Written and Translated by – Leandro Bonan

Italian Version: http://revolart.it/edward-hopper-storia-di-un-pittore-americano/


In 1928, the sculptress Getrude V. Whitney decided to donate her entire art collection, made by over 500 artworks, to the New York Metropolitan Museum of Art, but the director of the museum refused the legacy, advancing problems of space. Such a rejection didn’t dishearten the artist, though, who decided to found her own museum, the Whitney Museum of American Art, which opened only three years later. Nowadays, the museum owns a collection of around 21,000 artworks by 3000 different artists and it has a library of more than 30000 books. In that American art temple ‘s archives is stored the vast majority of Edward Hopper’s artistic production, the main exponent of the Realism of Overseas and almost certainly also the most famous and significant American painter. No other place, not even a museum entirely dedicated to him, could have been a better location to host his works, because Edward Hopper is essentially and unequivocally an American artist. His entire artistic production is in fact imbued with the culture of the United States, so much that all his paintings, sketches, drawings are to be found in American museums or collections. All but a couple, which are exhibited at the Madrid Thyssen-Bornemisza Museum. American is also the lightness with which he paints: he, unlike his European colleagues, is free to follow his personal taste, both in terms of the choice of the subjects and in the technique, and he profits from the youth of his homeland, which had turned 100 just six years before his birth. He doesn’t know, therefore, the sense of inadequacy which his overseas peers feel, having to vie with centuries of divine fine art, and hence he cannot share the discomfort expressed by his contemporary Matisse, who wrote in his diary: “There is nothing more difficult for a truly creative painter than to paint a rose, because before he can do so he has first to forget all the roses that were ever painted” And the more roses have been painted in the past, the more difficult it is trying not to duplicate neither themselves nor the others. Even his life, as far as the setting is concerned, is almost entirely American: it started in Nyack, a village distant only few kilometers from New York, on the bank of the Hudson river, in 1882. With 18, supported by his parents, he enrolled in the very well-known New York School of Art, where he had as a teacher a realist painter, very famous at that time, Robert Henri, who taught him choose the subjects for his paintings among the everyday life situations. He went out of the States in four occasions only, the first one in 1906 and the last one in 1910, and each time he went to Paris, for what he fell head over heels. There he got acquainted with the art of the Impressionists and he learnt to appreciate them, especially Dégas, so much that, after twenty years, he painted Automat (1927), which depicted a young lonely woman who drinks a coffee in the dead of night. The pose of her, the emptiness of her look, her loneliness, immediately recall Absinthe, of the famous French painter.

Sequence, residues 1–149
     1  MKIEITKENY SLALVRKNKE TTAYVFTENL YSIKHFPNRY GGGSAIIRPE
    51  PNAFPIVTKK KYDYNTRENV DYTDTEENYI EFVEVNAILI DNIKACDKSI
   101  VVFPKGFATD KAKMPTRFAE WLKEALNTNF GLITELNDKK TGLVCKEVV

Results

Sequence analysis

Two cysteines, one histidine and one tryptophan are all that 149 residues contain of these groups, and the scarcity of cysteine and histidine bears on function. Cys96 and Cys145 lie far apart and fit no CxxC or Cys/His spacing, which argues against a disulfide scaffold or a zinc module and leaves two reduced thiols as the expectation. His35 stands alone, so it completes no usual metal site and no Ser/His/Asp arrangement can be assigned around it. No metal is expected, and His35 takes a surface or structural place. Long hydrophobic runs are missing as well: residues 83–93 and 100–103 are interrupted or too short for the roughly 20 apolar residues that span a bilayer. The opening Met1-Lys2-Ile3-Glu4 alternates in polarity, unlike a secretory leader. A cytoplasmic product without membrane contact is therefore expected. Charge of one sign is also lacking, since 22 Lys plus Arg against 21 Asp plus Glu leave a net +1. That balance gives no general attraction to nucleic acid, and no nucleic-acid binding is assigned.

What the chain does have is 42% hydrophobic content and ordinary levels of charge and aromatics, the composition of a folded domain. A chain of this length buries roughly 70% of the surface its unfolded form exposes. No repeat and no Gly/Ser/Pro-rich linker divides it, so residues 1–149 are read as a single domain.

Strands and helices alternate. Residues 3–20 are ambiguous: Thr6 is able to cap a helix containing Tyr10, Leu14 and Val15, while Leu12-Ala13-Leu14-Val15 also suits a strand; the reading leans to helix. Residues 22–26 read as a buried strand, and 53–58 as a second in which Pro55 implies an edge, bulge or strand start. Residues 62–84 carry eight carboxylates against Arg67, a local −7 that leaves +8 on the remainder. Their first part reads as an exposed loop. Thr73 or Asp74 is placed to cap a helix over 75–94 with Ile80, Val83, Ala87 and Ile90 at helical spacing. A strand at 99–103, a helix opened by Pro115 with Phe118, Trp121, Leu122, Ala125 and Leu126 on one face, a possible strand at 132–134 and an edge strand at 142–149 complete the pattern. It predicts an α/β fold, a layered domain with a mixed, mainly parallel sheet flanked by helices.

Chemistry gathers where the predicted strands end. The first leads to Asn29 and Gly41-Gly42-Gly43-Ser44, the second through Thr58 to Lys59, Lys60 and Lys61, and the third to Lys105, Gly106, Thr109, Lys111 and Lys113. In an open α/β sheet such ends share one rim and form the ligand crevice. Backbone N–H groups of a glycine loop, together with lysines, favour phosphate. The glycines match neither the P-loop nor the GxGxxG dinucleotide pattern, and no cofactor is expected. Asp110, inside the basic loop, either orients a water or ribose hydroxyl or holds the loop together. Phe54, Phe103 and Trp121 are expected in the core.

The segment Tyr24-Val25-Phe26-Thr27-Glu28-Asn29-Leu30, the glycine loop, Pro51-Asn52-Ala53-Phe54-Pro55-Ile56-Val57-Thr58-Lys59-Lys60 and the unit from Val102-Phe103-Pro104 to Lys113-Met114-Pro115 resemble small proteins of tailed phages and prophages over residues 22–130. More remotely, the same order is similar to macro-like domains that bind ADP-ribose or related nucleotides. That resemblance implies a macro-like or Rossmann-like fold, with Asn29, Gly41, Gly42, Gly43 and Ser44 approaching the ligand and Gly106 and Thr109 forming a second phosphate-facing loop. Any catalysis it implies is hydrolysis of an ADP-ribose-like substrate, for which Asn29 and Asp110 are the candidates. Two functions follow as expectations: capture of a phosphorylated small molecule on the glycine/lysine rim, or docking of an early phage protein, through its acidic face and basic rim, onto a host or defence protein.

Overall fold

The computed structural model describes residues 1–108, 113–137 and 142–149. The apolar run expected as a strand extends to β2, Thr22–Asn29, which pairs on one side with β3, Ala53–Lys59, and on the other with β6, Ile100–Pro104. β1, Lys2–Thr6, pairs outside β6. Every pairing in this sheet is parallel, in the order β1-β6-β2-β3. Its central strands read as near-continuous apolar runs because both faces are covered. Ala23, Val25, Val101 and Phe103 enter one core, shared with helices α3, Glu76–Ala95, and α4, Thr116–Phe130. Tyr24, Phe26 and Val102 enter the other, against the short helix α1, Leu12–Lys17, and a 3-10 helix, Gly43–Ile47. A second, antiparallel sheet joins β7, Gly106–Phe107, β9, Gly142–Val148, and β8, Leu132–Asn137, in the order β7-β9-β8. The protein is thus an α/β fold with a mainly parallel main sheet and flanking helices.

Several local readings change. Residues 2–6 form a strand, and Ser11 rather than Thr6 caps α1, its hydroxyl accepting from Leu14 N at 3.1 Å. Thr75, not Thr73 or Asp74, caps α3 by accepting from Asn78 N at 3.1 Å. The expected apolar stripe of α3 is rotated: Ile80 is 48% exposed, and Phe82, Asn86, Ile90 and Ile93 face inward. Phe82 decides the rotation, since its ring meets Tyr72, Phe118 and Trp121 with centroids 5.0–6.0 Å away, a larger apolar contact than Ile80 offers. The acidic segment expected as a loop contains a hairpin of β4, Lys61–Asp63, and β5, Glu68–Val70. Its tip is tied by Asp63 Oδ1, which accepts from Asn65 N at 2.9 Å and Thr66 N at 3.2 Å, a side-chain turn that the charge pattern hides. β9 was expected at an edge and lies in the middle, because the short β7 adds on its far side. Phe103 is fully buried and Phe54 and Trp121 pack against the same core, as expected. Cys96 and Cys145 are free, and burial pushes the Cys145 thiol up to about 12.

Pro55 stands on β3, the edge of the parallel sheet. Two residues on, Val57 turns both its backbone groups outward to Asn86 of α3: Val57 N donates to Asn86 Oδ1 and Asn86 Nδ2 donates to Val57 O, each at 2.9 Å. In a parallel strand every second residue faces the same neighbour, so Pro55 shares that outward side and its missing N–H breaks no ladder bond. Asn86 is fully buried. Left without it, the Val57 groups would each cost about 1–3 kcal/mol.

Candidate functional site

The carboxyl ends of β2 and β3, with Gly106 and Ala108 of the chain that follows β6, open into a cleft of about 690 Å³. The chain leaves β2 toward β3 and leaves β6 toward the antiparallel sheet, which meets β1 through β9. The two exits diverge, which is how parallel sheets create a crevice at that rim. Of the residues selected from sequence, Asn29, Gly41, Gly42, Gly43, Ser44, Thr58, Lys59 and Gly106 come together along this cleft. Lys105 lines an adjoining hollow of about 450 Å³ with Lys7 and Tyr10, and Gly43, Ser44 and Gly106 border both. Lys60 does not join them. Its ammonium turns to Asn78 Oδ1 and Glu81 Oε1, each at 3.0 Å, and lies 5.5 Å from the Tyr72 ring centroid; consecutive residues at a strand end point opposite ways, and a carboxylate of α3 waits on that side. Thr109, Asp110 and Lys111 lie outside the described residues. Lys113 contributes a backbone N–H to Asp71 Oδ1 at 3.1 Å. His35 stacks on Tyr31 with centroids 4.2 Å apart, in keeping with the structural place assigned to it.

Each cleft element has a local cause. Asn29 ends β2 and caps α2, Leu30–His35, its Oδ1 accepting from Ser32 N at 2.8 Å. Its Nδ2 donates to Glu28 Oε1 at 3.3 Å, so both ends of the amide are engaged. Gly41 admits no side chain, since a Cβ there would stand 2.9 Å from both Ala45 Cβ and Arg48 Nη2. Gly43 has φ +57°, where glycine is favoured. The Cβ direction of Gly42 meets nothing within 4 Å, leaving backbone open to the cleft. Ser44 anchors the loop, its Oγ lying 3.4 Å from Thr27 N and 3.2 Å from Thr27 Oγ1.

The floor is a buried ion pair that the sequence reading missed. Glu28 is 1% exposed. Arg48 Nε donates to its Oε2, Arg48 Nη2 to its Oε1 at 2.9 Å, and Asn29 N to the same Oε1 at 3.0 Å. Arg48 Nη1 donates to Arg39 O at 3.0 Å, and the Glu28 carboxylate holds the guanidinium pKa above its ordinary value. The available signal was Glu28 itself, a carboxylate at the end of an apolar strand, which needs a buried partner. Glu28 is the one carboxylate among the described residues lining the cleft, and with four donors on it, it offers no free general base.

Both women give the impression of being speculating about their life, and loneliness is a main theme of both paintings. Degas chose to underline the solitude of the women putting her beside a man with whom she has clearly nothing to do, a fortuitous and rather slovenly customer, whose glance is carelessly pointing in the opposite direction of the women, deeming her not worthy even of the least attention. Hopper, on the contrary, decided to emphasize the loneliness or the girl using the light: an unnatural light, intense but lacking warmth, which makes the ambient aseptic and depressing, underlining at the same time the contrast with the external darkness, though equally cold and inhospitable. The only warm note, almost sarcastic in its intensity, is the basket of fruit which is behind the girl, relegated alone in the background.